This blog post is an excerpt from my new book, The Defensive Value Investor, outlining how I analyse companies to see whether they have any durable competitive advantages or not.
Competitive advantages can make a company more profitable than its peers. This is good because profitability is effectively the rate of return you get on any earnings which are not paid out as a dividend.
Competitive advantages can also help a company survive the inevitable tough times that come around every now and then. This is especially important for value investors because we often end up investing in companies that are attractively valued precisely because they’re going through tough times.
However, competitive advantages are hard to build and can be even harder to maintain. Most companies simply don’t have any and that’s why so few companies generate high rates of return over prolonged periods of time.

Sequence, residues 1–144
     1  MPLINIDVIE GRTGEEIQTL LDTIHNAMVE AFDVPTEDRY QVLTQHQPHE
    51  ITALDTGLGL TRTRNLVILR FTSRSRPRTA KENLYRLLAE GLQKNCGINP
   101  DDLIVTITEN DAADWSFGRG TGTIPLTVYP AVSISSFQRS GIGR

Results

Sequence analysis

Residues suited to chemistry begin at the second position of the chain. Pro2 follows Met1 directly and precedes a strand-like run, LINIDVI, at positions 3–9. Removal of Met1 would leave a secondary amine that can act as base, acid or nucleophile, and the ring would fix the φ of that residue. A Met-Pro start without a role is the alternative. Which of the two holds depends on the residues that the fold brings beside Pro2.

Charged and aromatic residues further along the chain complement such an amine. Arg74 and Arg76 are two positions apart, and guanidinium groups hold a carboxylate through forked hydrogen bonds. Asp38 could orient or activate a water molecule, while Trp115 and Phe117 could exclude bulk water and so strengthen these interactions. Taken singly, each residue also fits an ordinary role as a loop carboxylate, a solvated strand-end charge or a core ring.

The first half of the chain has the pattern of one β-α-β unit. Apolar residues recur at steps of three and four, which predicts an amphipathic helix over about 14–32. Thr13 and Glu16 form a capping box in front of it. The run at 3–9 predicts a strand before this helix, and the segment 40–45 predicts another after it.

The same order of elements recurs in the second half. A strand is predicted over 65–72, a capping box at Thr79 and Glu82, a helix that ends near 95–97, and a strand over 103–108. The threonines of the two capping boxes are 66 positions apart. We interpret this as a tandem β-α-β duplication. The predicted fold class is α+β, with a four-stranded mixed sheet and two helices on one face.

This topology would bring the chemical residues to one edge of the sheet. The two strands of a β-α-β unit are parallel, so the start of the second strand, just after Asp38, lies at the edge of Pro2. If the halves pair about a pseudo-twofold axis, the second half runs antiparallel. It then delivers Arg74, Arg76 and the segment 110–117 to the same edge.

Another reason to look for competitive advantages is to learn about why a company has been successful in the past. Doing this research should complement the previous research carried out when answering the value trap questions.
The rest of this [extract] covers how I look for competitive advantages using another series of questions, this time based on Pat Dorsey’s book, The Little Book that Builds Wealth. It’s an excellent book which sums up the topic of competitive advantages nicely.
Dorsey’s framework is used extensively by Morningstar and consists of four main types of competitive advantage. When I’m researching a company I always like to think about whether or not the company has any of these traits, and to what degree.